In the January-February issue, I discussed modifiers -21, -24 and -25, which are three of the six basic (level I) modifiers listed in Appendix A of the CPT coding book that apply directly to evaluation and management coding. This issue, I'd like to discuss the other three, -32, -52 and -57.
The purpose of modifiers is to clarify the usual circumstance of a patient encounter, service or procedure. The primary purpose of attaching a modifier to any CPT code is to provide additional information to assist with the processing of a claim.
It is essential that PAs understand that patient encounter documentation must support the use of modifiers by correctly reflecting the circumstances that require a modifier in the first place. A lack of adequate medical documentation, or incorrect usage of modifiers, might lead to charges of fraud or abuse. A modifier is the method by which a provider or a facility identifies an alteration to a service without changing the basic code used.
On occasion, an insurance company or other third-party payer sends a patient to a provider for a second opinion, for a specific evaluation or for a determination of disability. When the provider is aware of one of these circumstances, modifier 32 is used to indicate that this is a "mandated service."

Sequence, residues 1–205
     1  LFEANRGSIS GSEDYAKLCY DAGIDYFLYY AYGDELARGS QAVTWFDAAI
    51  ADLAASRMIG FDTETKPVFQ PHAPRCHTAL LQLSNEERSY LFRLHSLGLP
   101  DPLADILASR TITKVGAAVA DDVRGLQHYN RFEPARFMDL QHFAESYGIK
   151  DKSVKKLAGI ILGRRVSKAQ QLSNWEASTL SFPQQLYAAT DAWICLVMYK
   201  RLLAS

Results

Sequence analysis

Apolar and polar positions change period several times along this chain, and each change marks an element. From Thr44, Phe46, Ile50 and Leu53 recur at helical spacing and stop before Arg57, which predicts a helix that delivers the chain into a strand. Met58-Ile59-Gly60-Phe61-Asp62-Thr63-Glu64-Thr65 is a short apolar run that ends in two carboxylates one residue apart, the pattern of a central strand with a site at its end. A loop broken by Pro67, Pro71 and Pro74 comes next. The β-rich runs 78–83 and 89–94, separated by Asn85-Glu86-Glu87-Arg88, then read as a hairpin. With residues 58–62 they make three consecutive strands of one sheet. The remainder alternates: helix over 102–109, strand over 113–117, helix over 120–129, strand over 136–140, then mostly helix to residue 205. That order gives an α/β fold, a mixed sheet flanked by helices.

The use of modifier 32 is not appropriate when the patient, family members or other parties request second opinions or other services. A common circumstance in which this modifier might be appropriately used is when a patient is sent to a provider by a workers' compensation carrier asking for a second opinion. Another might be when children in state custody are sent to your office for health examinations after being placed in temporary custody or foster care.
Generally speaking, when an encounter is requested by a third party (insurance company, state agency, law enforcement, etc.), consider it a mandated service.
There may be times in which a service or a procedure is reduced or even stopped for some reason. When this occurs, the usual CPT code is reported with the attached 52 modifier, "Reduced Services," to indicate that the usual work of the service or procedure was reduced in some way and should not be paid at the full rate.